xRow.Admin = chckAdmin.Checked
  xDS.Main.AddMainRow(xRow)
  xDS.WriteXml(ConfigPathname, System.Data.XmlWriteMode.IgnoreSchema)
End Sub

Private Sub butnLoad_Click(ByVal sender As System.Object, 
ByVal e As System.EventArgs) Handles butnLoad.Click
  If New FileInfo(ConfigPathname).Exists Then
    Dim xDS As New Settings
    Dim xRow As Settings.MainRow
    xDS.ReadXml(ConfigPathname, System.Data.XmlReadMode.IgnoreSchema)
    If xDS.Main.Rows.Count > 0 Then
      xRow = xDS.Main.Rows.Item(0)
      If Not xRow.IsUsernameNull() Then
        textUsername.Text = xRow.Username
      End If
      If Not xRow.IsPINNull() Then
        textPIN.Text = xRow.PIN.ToString()
      End If
      If Not xRow.IsAdminNull() Then
        chckAdmin.Checked = xRow.Admin
      End If
    End If
  End If
End Sub

When loading the DataSet back, it is necessary to check each field for null. In our demo, they would never be null, but if you later add fields and your application tries to load a file that was saved with an older version, fields could be null. End users might also directly edit your settings files. Accessing a field while it is null will generate an exception.

If you run the demo, you can enter some test values and then click Save.

After clicking Save, the demo will create a .settings file in the same directory as the .exe. Normally, this is bin/debug/SettingsDemo.exe.Settings. If you open this file, you will see it is a standard XML file and can easily be edited.

<?xml version="1.0" standalone="yes"?>
<Settings xmlns="http://tempuri.org/Settings.xsd">
  <Main>
    <Username>Kudzu</Username>
    <PIN>1234</PIN>
    <Admin>true</Admin>
  </Main>
</Settings>

Now, if you run the application again, you can click the Load button to load these settings.

In this demo, we only stored one row in the DataTable. But DataTables can contain multiple rows, and a DataSet can even contain multiple related or unrelated DataTables.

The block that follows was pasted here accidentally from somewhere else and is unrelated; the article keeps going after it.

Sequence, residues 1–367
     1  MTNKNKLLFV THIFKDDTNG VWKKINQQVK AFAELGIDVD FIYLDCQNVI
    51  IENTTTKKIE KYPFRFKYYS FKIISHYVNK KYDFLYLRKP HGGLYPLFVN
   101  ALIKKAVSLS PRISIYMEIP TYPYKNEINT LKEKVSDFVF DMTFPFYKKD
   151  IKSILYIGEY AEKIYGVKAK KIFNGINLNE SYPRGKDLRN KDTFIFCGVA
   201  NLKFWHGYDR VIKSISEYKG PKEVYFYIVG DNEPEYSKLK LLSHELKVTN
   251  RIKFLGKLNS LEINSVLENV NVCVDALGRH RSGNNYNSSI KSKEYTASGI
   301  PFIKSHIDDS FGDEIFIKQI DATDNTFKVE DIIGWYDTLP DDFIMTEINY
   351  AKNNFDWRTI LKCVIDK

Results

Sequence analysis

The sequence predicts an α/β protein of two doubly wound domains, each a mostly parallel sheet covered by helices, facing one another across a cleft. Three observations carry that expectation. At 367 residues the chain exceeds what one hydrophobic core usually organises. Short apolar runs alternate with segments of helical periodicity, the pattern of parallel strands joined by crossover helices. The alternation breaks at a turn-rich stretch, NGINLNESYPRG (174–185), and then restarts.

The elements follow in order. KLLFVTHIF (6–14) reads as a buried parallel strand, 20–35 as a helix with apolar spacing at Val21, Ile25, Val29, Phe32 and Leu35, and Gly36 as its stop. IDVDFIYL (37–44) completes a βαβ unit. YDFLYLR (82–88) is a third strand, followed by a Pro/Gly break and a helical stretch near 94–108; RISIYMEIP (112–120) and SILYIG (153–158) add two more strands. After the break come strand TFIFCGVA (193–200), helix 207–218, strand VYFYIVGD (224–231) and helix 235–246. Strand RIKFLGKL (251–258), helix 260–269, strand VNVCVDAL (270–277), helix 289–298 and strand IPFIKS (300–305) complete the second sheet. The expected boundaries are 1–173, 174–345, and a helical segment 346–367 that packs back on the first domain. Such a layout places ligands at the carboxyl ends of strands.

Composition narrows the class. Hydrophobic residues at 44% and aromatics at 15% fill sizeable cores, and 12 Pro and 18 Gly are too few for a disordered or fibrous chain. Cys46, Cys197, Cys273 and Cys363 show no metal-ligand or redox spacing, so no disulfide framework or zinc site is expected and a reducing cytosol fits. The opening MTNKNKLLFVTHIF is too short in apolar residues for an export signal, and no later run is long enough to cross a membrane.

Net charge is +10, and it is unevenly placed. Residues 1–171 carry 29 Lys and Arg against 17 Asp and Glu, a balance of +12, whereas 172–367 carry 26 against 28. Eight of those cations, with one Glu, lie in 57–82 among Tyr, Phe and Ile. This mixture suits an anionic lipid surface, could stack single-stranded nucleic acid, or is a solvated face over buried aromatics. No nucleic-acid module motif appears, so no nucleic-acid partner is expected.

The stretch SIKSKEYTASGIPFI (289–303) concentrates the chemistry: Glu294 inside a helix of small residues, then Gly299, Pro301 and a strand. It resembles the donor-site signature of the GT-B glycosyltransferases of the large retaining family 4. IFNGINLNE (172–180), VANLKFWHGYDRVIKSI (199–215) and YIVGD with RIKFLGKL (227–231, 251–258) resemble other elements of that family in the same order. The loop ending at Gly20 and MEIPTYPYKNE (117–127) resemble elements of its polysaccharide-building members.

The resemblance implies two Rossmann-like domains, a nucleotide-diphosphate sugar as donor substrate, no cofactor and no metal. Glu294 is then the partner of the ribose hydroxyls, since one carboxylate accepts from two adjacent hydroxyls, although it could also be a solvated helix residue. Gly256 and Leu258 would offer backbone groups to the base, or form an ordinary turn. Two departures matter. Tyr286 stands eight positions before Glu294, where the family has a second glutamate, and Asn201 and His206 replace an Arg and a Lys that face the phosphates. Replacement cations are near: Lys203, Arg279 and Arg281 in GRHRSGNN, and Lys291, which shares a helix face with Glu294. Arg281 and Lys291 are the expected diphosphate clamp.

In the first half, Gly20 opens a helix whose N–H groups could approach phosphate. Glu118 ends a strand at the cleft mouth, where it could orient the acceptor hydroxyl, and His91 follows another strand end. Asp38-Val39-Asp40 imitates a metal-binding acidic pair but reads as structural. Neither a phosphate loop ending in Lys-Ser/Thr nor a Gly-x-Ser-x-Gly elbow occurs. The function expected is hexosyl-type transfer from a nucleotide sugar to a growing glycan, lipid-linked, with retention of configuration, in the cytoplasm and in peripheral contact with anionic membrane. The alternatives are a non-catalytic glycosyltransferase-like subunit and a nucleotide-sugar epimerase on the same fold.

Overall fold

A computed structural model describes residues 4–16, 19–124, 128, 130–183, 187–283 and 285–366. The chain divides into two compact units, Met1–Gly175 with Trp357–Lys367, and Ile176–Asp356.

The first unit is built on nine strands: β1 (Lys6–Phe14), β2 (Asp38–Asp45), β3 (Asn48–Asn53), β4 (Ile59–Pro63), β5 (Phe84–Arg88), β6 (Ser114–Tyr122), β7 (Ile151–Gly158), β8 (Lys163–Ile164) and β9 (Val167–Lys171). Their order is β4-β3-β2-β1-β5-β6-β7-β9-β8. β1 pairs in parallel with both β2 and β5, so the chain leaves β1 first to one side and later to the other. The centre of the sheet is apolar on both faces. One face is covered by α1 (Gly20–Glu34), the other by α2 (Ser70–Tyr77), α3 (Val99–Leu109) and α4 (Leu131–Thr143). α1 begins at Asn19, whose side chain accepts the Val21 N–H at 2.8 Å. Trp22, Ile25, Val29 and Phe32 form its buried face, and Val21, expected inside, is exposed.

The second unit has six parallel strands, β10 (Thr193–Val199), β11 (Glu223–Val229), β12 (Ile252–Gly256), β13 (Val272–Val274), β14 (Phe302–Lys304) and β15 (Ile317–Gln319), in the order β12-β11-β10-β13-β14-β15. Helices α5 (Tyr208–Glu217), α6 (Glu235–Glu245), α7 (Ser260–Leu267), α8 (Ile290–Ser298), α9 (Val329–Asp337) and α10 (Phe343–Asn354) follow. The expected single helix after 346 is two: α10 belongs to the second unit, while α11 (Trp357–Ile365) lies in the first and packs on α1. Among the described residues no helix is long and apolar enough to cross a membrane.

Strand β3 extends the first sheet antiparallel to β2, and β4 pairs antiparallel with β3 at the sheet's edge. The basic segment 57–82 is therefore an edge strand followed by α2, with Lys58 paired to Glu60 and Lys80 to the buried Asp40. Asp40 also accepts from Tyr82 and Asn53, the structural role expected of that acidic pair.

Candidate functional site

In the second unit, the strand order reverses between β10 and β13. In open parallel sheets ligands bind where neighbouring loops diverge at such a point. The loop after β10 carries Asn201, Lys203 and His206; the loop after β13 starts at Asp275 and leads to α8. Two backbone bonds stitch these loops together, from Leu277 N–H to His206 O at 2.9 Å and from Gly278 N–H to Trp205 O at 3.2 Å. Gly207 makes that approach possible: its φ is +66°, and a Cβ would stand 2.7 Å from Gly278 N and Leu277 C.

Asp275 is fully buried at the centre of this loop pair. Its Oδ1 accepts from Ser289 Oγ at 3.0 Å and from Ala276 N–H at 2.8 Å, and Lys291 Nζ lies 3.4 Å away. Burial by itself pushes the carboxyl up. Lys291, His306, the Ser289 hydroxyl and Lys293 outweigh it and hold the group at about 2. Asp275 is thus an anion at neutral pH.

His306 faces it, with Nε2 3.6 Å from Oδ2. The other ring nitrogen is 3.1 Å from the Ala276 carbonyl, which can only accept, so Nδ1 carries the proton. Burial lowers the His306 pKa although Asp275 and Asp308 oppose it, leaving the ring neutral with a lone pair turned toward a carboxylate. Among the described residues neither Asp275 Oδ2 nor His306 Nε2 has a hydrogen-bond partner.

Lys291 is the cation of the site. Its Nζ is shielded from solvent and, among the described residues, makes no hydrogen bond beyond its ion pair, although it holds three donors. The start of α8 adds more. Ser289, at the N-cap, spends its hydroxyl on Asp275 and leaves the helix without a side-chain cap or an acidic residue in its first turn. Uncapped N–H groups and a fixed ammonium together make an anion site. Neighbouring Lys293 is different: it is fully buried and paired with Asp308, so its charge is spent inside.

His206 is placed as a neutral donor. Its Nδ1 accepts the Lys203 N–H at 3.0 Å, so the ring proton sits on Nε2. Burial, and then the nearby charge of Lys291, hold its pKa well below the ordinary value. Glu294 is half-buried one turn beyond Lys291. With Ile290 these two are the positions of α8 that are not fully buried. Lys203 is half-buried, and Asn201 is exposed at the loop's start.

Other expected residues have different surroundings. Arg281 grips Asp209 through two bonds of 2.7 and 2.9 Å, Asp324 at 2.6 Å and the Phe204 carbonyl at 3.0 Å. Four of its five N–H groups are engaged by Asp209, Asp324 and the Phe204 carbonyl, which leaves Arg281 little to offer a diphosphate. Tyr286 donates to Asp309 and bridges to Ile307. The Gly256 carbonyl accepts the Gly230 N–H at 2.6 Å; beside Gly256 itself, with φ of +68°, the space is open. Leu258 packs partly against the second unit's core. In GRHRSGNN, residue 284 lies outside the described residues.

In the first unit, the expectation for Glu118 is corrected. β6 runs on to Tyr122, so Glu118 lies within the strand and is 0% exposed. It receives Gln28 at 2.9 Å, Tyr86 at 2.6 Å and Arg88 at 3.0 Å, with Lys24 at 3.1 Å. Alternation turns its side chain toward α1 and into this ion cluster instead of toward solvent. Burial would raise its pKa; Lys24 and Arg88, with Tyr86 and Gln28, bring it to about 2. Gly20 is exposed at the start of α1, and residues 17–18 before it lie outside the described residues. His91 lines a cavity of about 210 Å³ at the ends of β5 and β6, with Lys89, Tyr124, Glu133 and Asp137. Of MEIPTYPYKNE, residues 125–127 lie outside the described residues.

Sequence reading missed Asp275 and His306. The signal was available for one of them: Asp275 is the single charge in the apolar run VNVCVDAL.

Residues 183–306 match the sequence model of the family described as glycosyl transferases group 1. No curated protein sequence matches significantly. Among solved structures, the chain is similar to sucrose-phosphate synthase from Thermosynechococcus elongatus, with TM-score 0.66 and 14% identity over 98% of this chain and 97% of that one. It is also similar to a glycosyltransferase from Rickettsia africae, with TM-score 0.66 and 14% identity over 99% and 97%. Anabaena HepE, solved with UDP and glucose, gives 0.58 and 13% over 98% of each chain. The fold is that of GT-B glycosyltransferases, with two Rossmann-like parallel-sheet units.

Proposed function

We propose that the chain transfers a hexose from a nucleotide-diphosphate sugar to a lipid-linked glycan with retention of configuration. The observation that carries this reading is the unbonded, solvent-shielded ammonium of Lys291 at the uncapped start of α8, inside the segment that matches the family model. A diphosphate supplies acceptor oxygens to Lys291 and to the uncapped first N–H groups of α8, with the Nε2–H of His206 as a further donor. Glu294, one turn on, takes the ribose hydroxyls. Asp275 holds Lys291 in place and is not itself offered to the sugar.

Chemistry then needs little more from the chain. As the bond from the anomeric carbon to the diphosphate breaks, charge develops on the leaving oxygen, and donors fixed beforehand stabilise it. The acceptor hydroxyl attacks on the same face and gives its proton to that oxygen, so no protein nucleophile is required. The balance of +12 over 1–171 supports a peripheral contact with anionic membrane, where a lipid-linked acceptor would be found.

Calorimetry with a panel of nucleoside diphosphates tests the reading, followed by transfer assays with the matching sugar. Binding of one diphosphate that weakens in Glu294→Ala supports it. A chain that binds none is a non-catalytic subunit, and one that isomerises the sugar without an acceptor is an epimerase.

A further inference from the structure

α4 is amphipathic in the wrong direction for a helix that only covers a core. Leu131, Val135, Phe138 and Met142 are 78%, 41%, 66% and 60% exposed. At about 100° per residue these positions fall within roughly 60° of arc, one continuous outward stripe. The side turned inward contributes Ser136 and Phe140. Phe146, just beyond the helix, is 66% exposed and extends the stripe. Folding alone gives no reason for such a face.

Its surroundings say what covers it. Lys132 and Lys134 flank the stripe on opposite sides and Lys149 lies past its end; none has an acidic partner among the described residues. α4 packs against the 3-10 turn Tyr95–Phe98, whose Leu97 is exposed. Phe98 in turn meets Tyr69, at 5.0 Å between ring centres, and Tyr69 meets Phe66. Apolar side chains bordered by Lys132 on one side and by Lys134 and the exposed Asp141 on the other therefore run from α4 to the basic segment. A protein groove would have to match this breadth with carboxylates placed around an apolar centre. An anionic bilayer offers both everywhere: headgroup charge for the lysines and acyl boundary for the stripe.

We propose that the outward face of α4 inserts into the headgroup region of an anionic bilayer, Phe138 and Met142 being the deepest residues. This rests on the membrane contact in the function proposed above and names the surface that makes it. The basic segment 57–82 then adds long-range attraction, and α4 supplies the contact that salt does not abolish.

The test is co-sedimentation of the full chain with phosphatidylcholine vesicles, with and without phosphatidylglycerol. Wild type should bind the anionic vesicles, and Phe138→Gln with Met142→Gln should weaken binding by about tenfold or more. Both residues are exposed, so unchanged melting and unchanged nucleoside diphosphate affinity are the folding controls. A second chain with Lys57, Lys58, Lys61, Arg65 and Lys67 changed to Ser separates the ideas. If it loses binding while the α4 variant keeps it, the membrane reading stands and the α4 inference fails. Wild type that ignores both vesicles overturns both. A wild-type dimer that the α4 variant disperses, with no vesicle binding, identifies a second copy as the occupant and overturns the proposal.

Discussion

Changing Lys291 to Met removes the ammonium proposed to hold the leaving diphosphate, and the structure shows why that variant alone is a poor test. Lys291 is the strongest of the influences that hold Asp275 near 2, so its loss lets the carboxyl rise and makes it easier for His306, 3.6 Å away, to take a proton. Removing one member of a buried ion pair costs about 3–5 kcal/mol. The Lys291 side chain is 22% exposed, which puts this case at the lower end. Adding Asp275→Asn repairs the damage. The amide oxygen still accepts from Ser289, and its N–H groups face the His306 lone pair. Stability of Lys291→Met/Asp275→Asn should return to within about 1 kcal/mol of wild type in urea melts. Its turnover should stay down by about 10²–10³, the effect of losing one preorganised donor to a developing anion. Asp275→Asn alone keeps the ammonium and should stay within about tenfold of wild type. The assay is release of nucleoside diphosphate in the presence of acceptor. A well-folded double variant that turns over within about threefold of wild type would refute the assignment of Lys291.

Conclusion

XML files are a widespread standard that allows easy storage of structured typed data. Use of XML files allows easy editing by end users, and even by other software. Using typed DataSets, you can easily store your settings in XML files.

License

This article, along with any associated source code and files, is licensed under The BSD License

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About the Author

Chad Z. Hower, a.k.a. Kudzu
"Programming is an art form that fights back"
www.KudzuWorld.com
 
Formerly the Regional Developer Adviser (DPE) for Microsoft Middle East and Africa, he was responsible for 85 countries spanning 4 continents and 10 time zones. Now Chad is a Microsoft MVP.
 
Chad is the chair of several popular open source projects including Indy and Cosmos (C# Open Source Managed Operating System).
 
Chad is the author of the book Indy in Depth and has contributed to several other books on network communications and general programming.
 
Chad has lived in Canada, Cyprus, Switzerland, France, Jordan, Russia, Turkey, and the United States. Chad has visited more than 60 countries, visiting most of them several times.

Comments and Discussions

 
QuestionAnybody modify this to do it in a loop? PinmemberKraig_mn20-Sep-13 4:51 
AnswerRe: Anybody modify this to do it in a loop? PinmemberChad Z. Hower aka Kudzu20-Sep-13 4:53 
GeneralRe: Anybody modify this to do it in a loop? PinmemberKraig_mn20-Sep-13 4:58 
GeneralRe: Anybody modify this to do it in a loop? PinmemberChad Z. Hower aka Kudzu20-Sep-13 11:11 
GeneralRe: Anybody modify this to do it in a loop? PinmemberKraig_mn23-Sep-13 5:07 
GeneralRe: Anybody modify this to do it in a loop? PinmemberKraig_mn23-Sep-13 5:54 
GeneralDataSet.ReadXml has arror PinmemberMakso13-Aug-09 22:18 
GeneralRe: DataSet.ReadXml has arror PinmemberChad Z. Hower aka Kudzu14-Aug-09 3:46 
GeneralRe: DataSet.ReadXml has arror PinmemberMakso17-Aug-09 23:56 
GeneralRe: DataSet.ReadXml has arror PinmemberChad Z. Hower aka Kudzu18-Aug-09 15:37 
Generalgood article PinmemberDonsw8-May-09 16:24 
GeneralTrue but.... PinmemberAhsanS9-Nov-08 17:33 
GeneralRe: True but.... PinmemberChad Z. Hower aka Kudzu18-Nov-08 15:15 
QuestionHow to secure these settings? Pinmembervinay_kawade14-Jul-08 13:12 
AnswerRe: How to secure these settings? PinmemberChad Z. Hower aka Kudzu14-Jul-08 13:31 
QuestionAdd a field later? PinmemberStephenKearney15-Sep-07 10:11 
AnswerRe: Add a field later? PinmemberChad Z. Hower aka Kudzu8-Oct-07 7:36 
Generali know you from somewhere... Pinmemberferdna8-Sep-07 9:56 
GeneralRe: i know you from somewhere... PinmemberChad Z. Hower aka Kudzu2-Feb-08 0:16 
GeneralMultiple Dtata tables Pinmembersid_boss16-Mar-07 2:10 
GeneralRe: Multiple Dtata tables PinmemberChad Z. Hower aka Kudzu2-Feb-08 0:17 
GeneralDarn It PinmemberSteveWaNet24-Nov-06 17:42 
GeneralRe: Darn It PinmemberSteveWaNet25-Nov-06 7:27 
GeneralRe: Darn It (No Element is VS 2008 Team Suite) [modified] PinmemberMichael90003-Dec-09 16:10 
GeneralButton backcolor PinmemberThe Mighty Atom1-Sep-06 7:48